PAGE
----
LB: First and foremost is enjoying it, having fun. Not losing the feeling of what it gives me has probably been the only thing that has helped with my compulsive disorder, the missing groove I need to function. Sculptures taught me to accept things for what they are and not what they could have become, the music confirms this, accepting the fiction and reality of what I speak on track and allowing it to just be that for the moment. I think emotion, time and growth elevates my spirit, my voice, so my advancement will only continue, but again I only speak for now. I am starting to pay attention to the power one can possess when you are able to move people, like how do you share this energy.
AJT: So, you’re speaking on distribution of energy?
AJT: Let’s talk about Ancestors, how did this track come about? What is the concept behind the track?
LB: Ancestors really started out with me talking about my real life. Mom Dukes always asked what if someone steals your music? I couldn’t answer then, but now I know if I continue to talk about who I am and my life, that is something impossible to copy. So on the track I speak on my life: growing up, personal issues which have moulded my personality. Ancestors is like a root taking form as a tree, branches then leaves and fruit and just like the tree we are all somehow connected and related, and we need to embrace this – on the flipside, the song is about fatigue and learning, becoming better through this tiredness, who am I when I face this?
AJT: In a certain sense we have histories we have to reconcile and face before we move ahead with the tides of our present, do you feel encouraged, contested or challenged by your history and which history do you choose to define you? If someone came right now to take it all away, which history would you keep or would you let it all go?
LB: I am more less defending my need to prove something…
AJT: Hm, the process of “proving”, what are you here to prove?
LB: Just that I can actually be one of the few who can make it, looking at my life, how things are set up in terms of how my skin looks and how my community feels. There is trauma, there is pain, there is loss. I would defend who I am today, because these things I have experienced.
AJT: In that case, is any of this yours? The music, the time, your creation, is this yours?
LB: In a naive way yes, realistically, no – I remember flying to Stockholm some months back, literally asking God what my purpose is. I’ve encountered the most revealing dreams which taught me I am here to shift something. Also, remembering when I visited your studio, and watched you paint, it was mystical, something polarizing. We’ve grown up in a place where opportunity was limited, and self-love wasn’t taught much. What makes our work so powerful is the way we use it to comfort our pain, we overcome eventually, but it teaches non-conformity, intention and how to shape a dialogue based on honesty. Working on me and my spirit gives me the confidence to walk through my obstacles.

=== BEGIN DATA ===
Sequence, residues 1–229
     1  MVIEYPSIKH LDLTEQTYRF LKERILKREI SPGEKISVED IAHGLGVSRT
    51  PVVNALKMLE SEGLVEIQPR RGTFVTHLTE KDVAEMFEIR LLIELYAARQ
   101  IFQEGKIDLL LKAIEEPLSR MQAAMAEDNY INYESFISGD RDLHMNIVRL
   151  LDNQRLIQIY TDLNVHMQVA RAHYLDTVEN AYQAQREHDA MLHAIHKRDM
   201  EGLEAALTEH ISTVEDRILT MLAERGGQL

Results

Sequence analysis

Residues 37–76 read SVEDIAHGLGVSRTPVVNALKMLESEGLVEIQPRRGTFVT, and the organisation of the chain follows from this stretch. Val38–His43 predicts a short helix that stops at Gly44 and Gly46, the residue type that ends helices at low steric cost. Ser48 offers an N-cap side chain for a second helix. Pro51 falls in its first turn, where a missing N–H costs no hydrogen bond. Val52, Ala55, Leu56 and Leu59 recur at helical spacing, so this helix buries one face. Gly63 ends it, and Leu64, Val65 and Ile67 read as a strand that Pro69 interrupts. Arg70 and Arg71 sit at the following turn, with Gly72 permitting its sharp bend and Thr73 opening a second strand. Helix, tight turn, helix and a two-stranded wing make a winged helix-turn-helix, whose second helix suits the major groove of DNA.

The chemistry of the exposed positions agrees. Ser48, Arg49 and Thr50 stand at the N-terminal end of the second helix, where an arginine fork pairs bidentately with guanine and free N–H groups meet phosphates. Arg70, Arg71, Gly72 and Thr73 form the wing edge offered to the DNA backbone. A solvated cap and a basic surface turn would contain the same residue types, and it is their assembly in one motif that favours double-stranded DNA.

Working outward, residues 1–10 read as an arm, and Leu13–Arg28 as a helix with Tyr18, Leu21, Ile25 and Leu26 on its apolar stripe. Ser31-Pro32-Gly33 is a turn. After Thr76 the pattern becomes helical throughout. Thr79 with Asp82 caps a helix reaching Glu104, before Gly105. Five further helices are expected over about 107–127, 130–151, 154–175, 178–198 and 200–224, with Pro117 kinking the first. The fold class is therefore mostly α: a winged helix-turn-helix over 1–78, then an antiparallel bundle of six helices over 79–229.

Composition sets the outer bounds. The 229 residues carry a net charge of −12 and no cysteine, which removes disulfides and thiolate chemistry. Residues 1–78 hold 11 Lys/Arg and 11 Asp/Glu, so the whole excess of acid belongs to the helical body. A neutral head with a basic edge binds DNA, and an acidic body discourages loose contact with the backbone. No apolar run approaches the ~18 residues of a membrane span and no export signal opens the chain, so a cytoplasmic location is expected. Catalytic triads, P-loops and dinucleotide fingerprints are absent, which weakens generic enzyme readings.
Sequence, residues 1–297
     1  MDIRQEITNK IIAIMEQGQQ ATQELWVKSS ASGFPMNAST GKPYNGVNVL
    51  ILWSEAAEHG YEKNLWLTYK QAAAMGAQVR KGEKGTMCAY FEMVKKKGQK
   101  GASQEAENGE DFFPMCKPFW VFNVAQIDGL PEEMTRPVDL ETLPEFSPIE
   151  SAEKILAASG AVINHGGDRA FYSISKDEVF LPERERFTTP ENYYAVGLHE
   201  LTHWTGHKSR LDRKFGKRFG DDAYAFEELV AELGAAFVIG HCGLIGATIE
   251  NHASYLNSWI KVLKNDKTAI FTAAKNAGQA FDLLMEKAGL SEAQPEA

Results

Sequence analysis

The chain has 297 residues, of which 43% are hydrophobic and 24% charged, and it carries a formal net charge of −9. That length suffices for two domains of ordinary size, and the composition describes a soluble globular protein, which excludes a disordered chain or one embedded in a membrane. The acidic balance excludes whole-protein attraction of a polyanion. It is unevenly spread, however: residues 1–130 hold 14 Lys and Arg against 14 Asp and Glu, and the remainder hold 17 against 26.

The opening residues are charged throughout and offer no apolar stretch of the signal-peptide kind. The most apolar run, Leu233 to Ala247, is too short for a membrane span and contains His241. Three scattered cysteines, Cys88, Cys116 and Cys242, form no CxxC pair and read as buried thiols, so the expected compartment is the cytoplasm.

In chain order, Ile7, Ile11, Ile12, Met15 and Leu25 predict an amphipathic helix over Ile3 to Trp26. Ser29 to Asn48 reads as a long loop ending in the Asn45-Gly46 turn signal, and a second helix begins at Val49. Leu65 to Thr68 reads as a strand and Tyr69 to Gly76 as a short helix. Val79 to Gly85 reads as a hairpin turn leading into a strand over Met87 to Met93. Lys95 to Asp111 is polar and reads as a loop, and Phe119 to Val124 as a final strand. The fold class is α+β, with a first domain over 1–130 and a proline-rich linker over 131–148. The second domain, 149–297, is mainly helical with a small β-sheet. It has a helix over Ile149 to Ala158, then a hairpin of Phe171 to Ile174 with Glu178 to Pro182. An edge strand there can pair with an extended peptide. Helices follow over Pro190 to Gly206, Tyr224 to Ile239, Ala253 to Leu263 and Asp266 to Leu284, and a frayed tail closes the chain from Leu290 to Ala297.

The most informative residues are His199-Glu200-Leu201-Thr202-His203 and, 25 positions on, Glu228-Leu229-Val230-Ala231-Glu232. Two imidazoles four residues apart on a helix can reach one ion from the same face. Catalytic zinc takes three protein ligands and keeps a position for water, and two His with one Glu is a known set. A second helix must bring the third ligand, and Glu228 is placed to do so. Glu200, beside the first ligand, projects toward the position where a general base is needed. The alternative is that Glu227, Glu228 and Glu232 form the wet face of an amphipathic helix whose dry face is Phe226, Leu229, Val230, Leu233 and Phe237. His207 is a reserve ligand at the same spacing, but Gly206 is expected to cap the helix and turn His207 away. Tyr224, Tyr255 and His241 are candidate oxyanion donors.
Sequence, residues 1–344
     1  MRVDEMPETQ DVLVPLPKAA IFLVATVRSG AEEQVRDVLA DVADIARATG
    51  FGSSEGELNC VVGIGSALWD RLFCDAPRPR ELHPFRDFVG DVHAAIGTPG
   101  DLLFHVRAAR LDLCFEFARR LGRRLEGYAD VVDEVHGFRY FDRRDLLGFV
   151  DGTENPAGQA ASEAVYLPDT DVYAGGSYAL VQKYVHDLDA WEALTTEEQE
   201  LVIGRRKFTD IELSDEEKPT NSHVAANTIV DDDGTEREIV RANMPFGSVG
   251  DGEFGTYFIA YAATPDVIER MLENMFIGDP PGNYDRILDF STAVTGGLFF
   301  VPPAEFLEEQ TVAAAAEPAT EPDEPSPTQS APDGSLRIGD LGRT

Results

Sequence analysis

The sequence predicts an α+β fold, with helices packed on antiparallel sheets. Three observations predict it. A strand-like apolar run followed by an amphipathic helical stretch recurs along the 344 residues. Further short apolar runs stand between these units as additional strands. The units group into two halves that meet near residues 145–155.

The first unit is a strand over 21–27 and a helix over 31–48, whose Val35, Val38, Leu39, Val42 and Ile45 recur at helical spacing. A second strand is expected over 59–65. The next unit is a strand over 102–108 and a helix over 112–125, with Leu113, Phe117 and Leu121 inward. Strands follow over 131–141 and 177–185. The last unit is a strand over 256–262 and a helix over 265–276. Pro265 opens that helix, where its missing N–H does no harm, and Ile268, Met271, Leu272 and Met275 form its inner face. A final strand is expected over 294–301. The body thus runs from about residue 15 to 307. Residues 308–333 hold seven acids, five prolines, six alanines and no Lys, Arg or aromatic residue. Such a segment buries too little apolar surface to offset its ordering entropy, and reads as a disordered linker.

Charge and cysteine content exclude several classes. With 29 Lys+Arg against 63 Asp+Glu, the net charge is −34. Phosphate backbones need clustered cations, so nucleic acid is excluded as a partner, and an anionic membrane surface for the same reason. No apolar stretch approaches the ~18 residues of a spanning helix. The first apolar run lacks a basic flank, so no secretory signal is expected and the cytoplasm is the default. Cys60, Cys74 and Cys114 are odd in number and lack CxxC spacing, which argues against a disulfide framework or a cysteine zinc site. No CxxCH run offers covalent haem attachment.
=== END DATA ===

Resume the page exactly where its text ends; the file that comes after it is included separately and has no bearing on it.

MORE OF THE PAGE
AJT: Who are your “ancestors”?
LB: I mean, my grandfather, Atibias – he received this name from a shaman in Trinidad, and also my grandmother, my great grandmother, who is 96 years old, those are my ancestors but even my friends around me are also my family, and my ancestors.
AJT: Out of all the inspirations you have, who is instrumental?
LB: I prefer to receive love like Biggie and respect like Jay, Kanye West will remain genius along with the cool flava and unorthodox flow of André 3000. If I am listening to anything, it’s older music – some old Nas, Wu-Tang, Biggie’s early, raw rap along with Jay-Z’s early 90s Flow. Kid Cudi has taught melody and harmonizing which helps me curate this interesting taste of sound and emotions.
AJT: In the video, there’s a lot going on, the tribe is really present: Paradigm, Nothin’ Special, TheyKnowthename? What kind of vibe was it?
LB: It was just a display of bringing people together, different races, different ethnicities, beliefs in one room. From TheyKnowthename to Mark Suciu, Koki Sato, Salome Brown, with Nothin’ Special, Paradigm Publishing, literally my friends, just beautiful faces of those I care about. I am trying to paint a real picture, this game is about who builds you up, those around you who want to help, encouragement, getting those type of people in the room. My friends are beautiful people, and I want to show this.
AJT: Honestly, I didn’t know what to make of your request to shoot in Nana’s house, but the feeling wasn’t unfamiliar since we also shot OldBrooklynTape there as well, how has your spirit shifted since then?
LB: The process of learning myself is ongoing. That tape, I personally felt I needed to give to Brooklyn, in order to mine the struggle I witnessed there – I was able to get out those particular thoughts to move towards my latest work, which has given me such strength and place for recovery.
AJT: and if you had to describe how you feel right now in this very moment…?
LB: I am just grateful to have the privilege to create, the privilege to manifest from God. I will make the best of this opportunity, simply put, I am just thankful. I put in work, I take a leap and I just pray on my next move, giving my all, so if it doesn’t work out I know it wasn’t for me, not because I didn’t really want it.